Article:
TITHE.-This is a subject to which Mr. Walker repeatedly reverts; an impost on improvements in Agriculture, of which he is a decided adversary. The following extracts may be worth preserving.

P. 33. "The average rent of land in these parishes" (Coddicot and Kimpton) "is about 8s. per acre, though that rent is certainly too little; the rector impropriate of part of the land which Mr. Hill occupies, formerly let his tithes on lease, and the composition exacted by the lessee never exceeded 2s. and 3d. per acre for all the land under the plough; this lease expired in 1793, and the rector employed a surveyor to value the land in his tithing, and to settle the future compositions to be paid to him for seven years. Some land which Mr. Hill had lately purchased, lay in half acres and small pieces intermixed in a common field with the lands of a farmer, who was as competent to farm as the surveyor to value, and had beggared himself and his farm, though his own property. The surveyor fascinated by the appearance of the crops produced by Mr. Hill's management and spring dressings, valued the tithe thereof at 6s. and 4d. per acre, and his neighbouring farmer's at 1s. 6d. though there is not a shadow of difference in the natural quality of


the soils in each; and some of Mr. Hill's lands of the same quality, which he had not then dressed, were valued at 1s. and 6d. also. The farmers of lands within this tithing have in consequence rejected these strange compositions, and are determined in future to slacken in their improvements thereof, leaving it to the rector to resort to tithes in kind, till experience has taught him to be more reasonable."

P. 36. “I valued a farm in the parish of Ashwell, and in an adjoining parish in the county of Cambridge, the 12th and 13th of May, 1794, in the occupation of an industrious and improving farmer, who kept his lands in as good condition as they could reasonably be expected in a common field state; about 260 acres of this land is in Ashwell, for which he paid Mr. Whitbread, the rector'impropriate, a composition of three shillings per acre; about 20 acres in the adjoining parish of Great Morden in Cambridgeshire, did not appear to me to have equal justice done to them: the farmer's man who attended me gave the following very satisfactory reason. The rector of this parish has for some years taken tithes in kind, and my master has never since suffered the dung cart to travel over the shire baulk,'

[ocr errors]

Under the head "Obstacles to Improvement," we find this Reporter powerful in fight against Tithes.-P. 77. " If the rector, or his tithe-renter, or gatherer, is of a litigious and troublesome disposition, which the tithe laws, as they now stand, put it too much in their power to indulge, the evil of tithes in kind is increased to an alarming magnitude. In rainy and uncertain harvest weather, when prudence dictates the housing or stacking the crops immediately from the scythe or sickle, to avoid the consequences of the season, they must be shocked or cocked before the farmer can give the rector, or his petty tyrant of the parish, notice to set out the tithe; he must wait a reasonable time for his arrival on the spot, before he will venture to decimate ex parte; in the mean time a sudden and heavy rain outstrips the slow-paced tithing-man, and both crop and tithe are much injured or totally ruined thereby. If the tithing-man does not arrive in the usual time allotted to him, the farmer leaves the tenth shock or cock, and carries the rest of the crop at the risk of a lawsuit. How frequently in such seasons do the tithes, rotting on the ground, meet the eye of the traveller in every part of England."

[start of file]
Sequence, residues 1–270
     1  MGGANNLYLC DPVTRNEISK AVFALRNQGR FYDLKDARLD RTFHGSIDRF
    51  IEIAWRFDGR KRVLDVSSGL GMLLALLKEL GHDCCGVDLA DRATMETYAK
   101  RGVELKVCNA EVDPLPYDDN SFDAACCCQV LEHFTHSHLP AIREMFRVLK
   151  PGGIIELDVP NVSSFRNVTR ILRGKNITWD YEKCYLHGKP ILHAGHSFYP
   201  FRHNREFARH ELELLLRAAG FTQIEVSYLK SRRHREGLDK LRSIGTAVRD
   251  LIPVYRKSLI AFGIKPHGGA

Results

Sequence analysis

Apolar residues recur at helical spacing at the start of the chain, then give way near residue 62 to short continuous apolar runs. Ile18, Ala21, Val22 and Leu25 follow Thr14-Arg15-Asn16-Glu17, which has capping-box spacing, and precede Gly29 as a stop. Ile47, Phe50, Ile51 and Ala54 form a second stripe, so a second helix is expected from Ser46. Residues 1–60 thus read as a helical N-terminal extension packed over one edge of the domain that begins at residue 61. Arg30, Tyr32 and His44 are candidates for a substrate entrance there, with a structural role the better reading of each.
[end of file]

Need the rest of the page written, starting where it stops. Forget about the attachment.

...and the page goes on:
P. 78. "The Hertfordshire farmers set the example of spring or top dressings, which are brought from distant parts, principally from London, and therefore expensive: they are peculiarly applicable to light lands, and their effects end with the crops on which they are sown. This accounts for the moderation of the Hertfordshire rectors in general,


[ocr errors]

and these dressings would no doubt produce good crops on all light, sandy, or gravelly thin lands, and soils barren to the generality of seasons, but if a tenth thereof is taken from the grower, he will soon be ruined."

P. 80. The consequences of tithes in kind taken by the clergy, are continual disputes and bickerings between them and their parishioners; the farmers grumble, slacken in their improvements, give their spiritual guide all the trouble in their power while collecting his tithes, and cheat him if they can; he recurs to law, and soon becomes the most unpopular man in his parish; the church is deserted, the flock rapidly emerge into a state of nature, or are led away by the cant of knaves and blockheads."

CANALS.-P. 8. "The grand junction canal, from Branston wharf on the Coventry canal to Oid Brentford, where it joins the Thames, enters the county of Hertford above Berkhamstead, and follows the course of the Bulburn and Gade to Rickmansworth; and, from thence the course of the Colne, till it leaves the county.'

ROADS.-P. 86. "Good roads in a corn country facilitate the agriculture thereof, as the crops are thereby conveyed to market, and foreign manure returned by back carriage. The roads in Hertfordshire are in general excellent, good materials to mend them abound every where; the sections of the great roads are curved, and rise in the middle about one foot in thirty; the timber trees and hedges towards the south sides thereof are lopped and kept low, that the sun, may dry the roads."





RAINING ESTATES.-P. 66. "If a pit is sunk 20 or 30 feet deep, in the middle of a field, through the Hertfordshire red, flinty, and impervious clay, into the chaik below; when the usual quantity of chalk is taken out, the pit shaft is filled up with the flints taken out of the chalk and clay, and the top drainage of this part of the field much shortened for ever afterwards, by making principal drains from the part of the field above the level of the top of the pit, terminate therein, and the superabundant moisture will escape through the flints in the pit soaft to the chark below."

IRRIGATION. On this valuable operation (when rightly performed) the Reporter has bestowed ten pages, no inconsiderable

« PreviousContinue »